Tag Archives: headaches

It’s camp time again

As the semester heads into its last third, we’re nearing English camp season again. I’ve been through one camp already, and this one looks like it’s going to be as troublesome as the last one. The only good thing about this camp is that I know about it much earlier before vacation season than I did in the winter. The positives seem to end there.

In the winter, I worked at my school for two weeks from 9 am to noon, had lunch and lesson planned with the other teachers, and was out of the building at no later than 2 pm. SMOE had the great idea to lengthen camps to a minimum of three weeks for the summer, which is the shorter of the two breaks in Korea. This time around, my school has decided to lend me to another school in the district, which isn’t a big deal in itself. The gripes come in the camp setup.

The camp hours are from 9 am to 4 pm — essentially what I work now — except they’re chock full of classes. The camp contract, which I haven’t signed and makes me angrier each time I read it, states I will teach seven (7) 50-minute classes with 10-minute breaks after each lesson. I’ve been counting this over and over in my head to make sure I have it right: on top of almost doubling my normal teaching time, I have no lunch period. I’m not a fan of that.

In addition to the ridiculous working hours, the contract says I would have to work the two Saturdays during the camp. My co-teacher explained the first Saturday is for the kids to go ice skating (in the middle of the summer?) and the second Saturday is for closing ceremonies. About three weeks ago, I was essentially forced to go on a hike with some students from my school on a Saturday. This wasn’t a friendly hiking Saturday, either: a cold rain drizzled from the gray skies all day. I chatted with the kids throughout the day, but I’m sure the educational (not to mention the diminished entertainment) value was minimal. It was basically babysitting for a couple hours on a mountain, and I’m envisioning the same thing for this ice skating trip — another waste of a Saturday.

If that weren’t enough, I still have to work another week at my own school to fulfill SMOE’s three-week requirement, even though I work more than three weeks’ worth of hours (including those dreaded Saturdays) during the first session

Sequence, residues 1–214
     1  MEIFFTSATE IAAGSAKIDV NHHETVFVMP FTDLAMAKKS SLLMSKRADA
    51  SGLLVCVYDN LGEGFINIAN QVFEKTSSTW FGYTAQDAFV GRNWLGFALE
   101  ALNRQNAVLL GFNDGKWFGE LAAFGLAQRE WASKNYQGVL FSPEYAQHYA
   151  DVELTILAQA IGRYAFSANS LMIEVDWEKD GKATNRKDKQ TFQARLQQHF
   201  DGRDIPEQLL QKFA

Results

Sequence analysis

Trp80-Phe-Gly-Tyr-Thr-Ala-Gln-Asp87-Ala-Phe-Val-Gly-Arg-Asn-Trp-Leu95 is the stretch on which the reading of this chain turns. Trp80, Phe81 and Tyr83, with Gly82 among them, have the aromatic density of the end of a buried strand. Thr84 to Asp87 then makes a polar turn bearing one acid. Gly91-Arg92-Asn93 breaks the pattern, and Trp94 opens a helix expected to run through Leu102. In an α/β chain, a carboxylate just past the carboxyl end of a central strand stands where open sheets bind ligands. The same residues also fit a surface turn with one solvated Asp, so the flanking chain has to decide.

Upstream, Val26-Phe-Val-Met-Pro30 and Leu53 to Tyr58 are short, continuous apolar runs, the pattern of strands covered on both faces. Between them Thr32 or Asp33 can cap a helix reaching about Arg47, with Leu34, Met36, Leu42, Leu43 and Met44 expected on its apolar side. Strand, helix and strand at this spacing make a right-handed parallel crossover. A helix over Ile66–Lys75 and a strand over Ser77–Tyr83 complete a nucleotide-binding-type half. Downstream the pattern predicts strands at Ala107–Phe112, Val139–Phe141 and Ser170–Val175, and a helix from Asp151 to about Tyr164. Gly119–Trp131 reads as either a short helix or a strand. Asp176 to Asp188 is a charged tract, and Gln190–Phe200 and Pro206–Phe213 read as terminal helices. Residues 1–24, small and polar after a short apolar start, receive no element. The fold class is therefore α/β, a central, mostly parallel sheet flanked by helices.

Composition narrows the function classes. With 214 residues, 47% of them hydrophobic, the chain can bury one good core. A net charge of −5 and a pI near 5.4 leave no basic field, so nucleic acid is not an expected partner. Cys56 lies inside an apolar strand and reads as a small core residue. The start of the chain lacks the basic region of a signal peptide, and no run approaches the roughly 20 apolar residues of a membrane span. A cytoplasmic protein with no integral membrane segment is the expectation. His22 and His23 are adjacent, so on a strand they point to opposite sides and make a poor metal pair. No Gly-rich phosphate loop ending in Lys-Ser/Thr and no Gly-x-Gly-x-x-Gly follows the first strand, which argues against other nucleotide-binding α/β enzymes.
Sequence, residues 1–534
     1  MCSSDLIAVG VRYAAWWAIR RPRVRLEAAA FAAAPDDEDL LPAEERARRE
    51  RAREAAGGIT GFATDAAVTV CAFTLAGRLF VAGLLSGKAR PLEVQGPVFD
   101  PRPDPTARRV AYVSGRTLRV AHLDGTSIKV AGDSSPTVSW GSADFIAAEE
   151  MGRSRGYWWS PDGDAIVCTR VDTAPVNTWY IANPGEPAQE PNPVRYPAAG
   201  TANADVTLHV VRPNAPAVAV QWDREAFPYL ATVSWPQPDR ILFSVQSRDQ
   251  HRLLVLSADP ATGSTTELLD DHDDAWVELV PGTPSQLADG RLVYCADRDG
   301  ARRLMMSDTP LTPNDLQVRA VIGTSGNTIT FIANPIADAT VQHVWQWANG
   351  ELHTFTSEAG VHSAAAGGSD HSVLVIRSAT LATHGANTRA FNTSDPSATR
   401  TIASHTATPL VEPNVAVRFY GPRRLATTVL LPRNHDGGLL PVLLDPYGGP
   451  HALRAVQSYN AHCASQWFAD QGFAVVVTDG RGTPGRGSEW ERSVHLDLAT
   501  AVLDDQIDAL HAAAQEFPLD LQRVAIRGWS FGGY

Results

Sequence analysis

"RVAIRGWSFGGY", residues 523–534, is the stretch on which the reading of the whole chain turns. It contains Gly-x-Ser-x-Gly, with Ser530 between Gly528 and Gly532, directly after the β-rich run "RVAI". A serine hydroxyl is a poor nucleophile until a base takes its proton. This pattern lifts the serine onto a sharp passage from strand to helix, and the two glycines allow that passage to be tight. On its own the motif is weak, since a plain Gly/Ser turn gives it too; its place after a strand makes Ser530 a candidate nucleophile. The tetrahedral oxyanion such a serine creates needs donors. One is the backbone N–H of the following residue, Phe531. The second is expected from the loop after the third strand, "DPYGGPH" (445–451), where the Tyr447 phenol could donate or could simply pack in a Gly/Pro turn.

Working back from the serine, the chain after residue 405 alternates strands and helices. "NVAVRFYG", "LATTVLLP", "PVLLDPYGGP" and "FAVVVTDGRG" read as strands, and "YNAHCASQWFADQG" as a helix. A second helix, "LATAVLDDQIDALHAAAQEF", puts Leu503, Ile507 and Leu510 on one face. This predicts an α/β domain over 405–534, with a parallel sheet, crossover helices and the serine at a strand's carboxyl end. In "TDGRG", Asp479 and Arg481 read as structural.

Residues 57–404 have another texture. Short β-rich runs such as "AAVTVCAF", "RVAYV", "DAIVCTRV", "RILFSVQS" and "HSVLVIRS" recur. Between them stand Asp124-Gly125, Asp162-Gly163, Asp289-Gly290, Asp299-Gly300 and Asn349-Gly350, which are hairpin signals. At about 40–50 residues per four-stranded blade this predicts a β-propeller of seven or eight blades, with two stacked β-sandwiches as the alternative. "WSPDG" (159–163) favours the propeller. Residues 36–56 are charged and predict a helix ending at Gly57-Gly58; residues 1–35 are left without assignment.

Now I’m poring over the camp contract and my SMOE contract to check the legality of this harebrained scheme, and I’ve finally noticed how disingenuous the contracts are. In Article 8 of the SMOE contract, which talks about working hours, the first point says, “Employee shall work eight (8) hours per day for five (5) calendar days per week from Monday to Friday and shall not work on Saturdays, Sundays and any national Holidays of the Republic of Korea.” Not more than two inches down the page in the fourth point of the same article, it states, “The head of work place may require Employee to work overtime in addition to normal workdays and work hours. In this case, overtime pay will be provided.” Basically, they can have free reign over our hours as long as we’re paid our 20,000 won per overtime hour.

While it doesn’t surprise me at all, these business practices are some of the major issues that are driving me away from Korea. The living is easy here — once you take dealing with Koreans on a “professional” level out of the way. It’s very possible that if absolutely nothing pans out while I’m in the States in the next six months, I could be back here, but the time away from the mess that is Korean bureaucracy should help the transition back to Korea if it comes to that.

In the meantime, let’s hope it doesn’t come to that. I have to worry about surviving tomorrow’s camp contract discussion without making anyone cry.

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Welcome to Korea, pt. 2